Typically, the structural component is made of a strong, lightweight material, for example, aluminium, steel, alloy or glass reinforced composite. Preferably the structural component is an extrusion.

According to a further aspect of the present invention there is provided a wall construction assembly, comprising a plurality of spaced structural components, each structural component comprising a web, first and second flange portions, and one or more pairs of opposed first and second fins extending from the web portion in a substantially lateral direction thereto, the assembly further comprising at least one wall panel connected to one of the first and second flange portions and insulation held between adjacent structural components.

Preferably, the assembly has a second wall panel connected to the other of the first and second flange portions.

Preferably, the assembly has insulation disposed between the first and second fins of the structural component, and the first and/or second wall panel, the insulation extending between adjacent structural components.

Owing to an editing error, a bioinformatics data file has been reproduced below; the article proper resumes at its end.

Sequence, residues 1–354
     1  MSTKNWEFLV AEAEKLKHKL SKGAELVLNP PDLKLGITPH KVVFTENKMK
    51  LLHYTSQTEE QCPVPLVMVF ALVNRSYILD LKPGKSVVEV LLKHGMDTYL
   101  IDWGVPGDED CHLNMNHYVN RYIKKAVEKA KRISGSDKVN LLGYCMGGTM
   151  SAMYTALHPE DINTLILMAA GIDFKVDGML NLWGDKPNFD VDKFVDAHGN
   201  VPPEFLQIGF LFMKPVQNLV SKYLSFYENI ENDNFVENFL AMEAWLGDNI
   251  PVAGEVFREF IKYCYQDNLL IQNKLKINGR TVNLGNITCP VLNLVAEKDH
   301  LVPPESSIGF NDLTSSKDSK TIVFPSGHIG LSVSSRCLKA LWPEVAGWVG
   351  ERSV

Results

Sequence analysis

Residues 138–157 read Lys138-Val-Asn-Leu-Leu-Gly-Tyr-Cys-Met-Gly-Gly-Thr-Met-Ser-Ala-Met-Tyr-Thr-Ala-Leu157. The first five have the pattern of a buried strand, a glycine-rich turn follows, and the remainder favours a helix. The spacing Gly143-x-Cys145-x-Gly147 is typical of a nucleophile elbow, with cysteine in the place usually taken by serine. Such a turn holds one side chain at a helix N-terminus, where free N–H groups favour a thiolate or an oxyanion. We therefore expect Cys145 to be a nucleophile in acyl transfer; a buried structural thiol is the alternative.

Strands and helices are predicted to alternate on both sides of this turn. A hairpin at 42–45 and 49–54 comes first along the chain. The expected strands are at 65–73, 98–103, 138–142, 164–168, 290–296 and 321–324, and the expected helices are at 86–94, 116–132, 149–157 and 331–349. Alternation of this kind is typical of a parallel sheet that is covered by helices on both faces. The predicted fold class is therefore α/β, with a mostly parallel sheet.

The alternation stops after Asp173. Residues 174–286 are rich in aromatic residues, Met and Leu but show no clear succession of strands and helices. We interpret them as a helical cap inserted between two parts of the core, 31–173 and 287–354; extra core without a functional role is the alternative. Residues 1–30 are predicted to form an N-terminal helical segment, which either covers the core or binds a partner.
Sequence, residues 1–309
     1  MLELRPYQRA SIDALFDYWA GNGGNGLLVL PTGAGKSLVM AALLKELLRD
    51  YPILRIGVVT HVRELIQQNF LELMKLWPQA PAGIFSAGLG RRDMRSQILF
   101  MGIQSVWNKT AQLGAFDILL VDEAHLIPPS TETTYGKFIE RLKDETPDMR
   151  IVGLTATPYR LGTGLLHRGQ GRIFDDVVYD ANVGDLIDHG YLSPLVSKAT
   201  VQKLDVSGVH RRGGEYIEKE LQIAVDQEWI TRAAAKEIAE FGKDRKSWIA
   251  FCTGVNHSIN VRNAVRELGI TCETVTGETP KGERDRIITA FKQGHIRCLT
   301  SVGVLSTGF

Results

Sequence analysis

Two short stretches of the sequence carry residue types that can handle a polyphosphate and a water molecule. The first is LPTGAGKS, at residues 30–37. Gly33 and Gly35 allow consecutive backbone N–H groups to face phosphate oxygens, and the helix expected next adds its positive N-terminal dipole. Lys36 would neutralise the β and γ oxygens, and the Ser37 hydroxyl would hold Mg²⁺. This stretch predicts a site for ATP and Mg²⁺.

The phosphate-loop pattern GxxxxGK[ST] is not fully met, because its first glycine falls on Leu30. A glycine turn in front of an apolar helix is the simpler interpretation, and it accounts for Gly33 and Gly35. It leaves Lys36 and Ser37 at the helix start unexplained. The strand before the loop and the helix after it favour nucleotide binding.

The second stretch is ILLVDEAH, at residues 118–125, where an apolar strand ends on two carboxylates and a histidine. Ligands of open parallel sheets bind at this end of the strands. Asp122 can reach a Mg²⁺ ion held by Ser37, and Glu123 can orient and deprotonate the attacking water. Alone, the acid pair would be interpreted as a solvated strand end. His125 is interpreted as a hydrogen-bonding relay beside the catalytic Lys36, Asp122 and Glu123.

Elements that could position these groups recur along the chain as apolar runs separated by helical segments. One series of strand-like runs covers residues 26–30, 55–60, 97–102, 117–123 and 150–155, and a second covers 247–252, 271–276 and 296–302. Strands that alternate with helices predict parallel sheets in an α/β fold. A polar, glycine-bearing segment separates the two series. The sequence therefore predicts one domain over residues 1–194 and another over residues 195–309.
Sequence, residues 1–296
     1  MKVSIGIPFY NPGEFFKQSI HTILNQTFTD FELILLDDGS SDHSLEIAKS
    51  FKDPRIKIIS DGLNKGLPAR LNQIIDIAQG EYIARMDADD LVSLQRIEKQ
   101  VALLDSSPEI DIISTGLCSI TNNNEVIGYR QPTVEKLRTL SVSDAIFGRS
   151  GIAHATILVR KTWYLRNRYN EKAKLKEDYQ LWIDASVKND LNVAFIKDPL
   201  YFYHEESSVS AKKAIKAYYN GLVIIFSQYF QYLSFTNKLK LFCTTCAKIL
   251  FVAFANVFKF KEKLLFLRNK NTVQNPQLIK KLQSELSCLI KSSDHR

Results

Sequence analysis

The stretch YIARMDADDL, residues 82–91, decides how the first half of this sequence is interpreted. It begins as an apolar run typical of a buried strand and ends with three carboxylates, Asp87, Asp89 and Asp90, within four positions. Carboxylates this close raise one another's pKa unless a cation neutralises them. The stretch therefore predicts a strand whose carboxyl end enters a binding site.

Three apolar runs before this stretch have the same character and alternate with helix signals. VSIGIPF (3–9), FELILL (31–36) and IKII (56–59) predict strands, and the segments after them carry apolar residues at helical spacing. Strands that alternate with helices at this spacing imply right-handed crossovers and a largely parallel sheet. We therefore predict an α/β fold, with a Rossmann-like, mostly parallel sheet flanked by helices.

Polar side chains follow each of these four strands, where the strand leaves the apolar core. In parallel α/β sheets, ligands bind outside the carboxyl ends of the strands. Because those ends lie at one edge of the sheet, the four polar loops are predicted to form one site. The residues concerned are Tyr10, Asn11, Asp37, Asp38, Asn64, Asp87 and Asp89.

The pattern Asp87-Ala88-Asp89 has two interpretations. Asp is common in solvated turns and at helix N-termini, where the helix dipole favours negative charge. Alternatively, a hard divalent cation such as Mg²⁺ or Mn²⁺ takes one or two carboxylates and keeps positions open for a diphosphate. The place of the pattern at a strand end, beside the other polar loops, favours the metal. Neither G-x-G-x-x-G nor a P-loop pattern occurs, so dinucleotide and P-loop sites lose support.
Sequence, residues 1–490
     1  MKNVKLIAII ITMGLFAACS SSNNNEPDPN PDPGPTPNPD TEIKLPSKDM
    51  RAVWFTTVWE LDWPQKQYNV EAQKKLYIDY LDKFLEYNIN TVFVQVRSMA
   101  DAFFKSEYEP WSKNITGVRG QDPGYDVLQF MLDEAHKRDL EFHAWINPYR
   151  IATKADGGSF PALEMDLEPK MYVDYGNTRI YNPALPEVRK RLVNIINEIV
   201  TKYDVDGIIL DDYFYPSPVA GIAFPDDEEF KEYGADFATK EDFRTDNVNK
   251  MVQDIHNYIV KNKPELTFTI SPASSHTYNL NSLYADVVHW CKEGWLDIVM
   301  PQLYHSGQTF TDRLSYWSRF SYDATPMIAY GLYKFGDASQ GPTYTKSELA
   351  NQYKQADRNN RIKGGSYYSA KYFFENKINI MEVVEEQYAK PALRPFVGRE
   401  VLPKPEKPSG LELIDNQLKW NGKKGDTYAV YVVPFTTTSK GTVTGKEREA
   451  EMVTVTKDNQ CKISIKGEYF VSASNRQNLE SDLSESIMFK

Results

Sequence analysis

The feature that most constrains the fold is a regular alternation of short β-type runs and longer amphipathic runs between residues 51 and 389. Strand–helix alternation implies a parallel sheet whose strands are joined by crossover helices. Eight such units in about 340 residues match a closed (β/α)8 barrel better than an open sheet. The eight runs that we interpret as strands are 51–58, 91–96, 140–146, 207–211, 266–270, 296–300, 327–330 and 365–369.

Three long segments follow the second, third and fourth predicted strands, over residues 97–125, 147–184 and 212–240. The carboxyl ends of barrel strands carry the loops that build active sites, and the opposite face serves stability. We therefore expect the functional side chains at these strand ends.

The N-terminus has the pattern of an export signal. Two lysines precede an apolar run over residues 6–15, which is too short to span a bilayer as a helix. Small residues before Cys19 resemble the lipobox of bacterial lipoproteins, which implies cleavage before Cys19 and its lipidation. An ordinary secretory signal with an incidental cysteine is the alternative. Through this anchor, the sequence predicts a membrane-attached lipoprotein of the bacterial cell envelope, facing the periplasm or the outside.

Preferably, the first and second flange portions of the structural component have slots in opposite sides thereof for receiving cladding accessories for example, insulation restraining straps, bars or panels.

Preferably, the free end of the first and/or second fins is adapted for complementary engagement with cladding accessories, for example, insulation restraining straps, bars or panels. In this way, the restraining means can divide the insulating body into compartments which can be filled with different types of insulating material or can be left empty as desired.

Preferably, the free end of the first and/or second fins has a slot for receiving the cladding accessory. The cladding accessory may be a rigid strap spanning between adjacent structural components.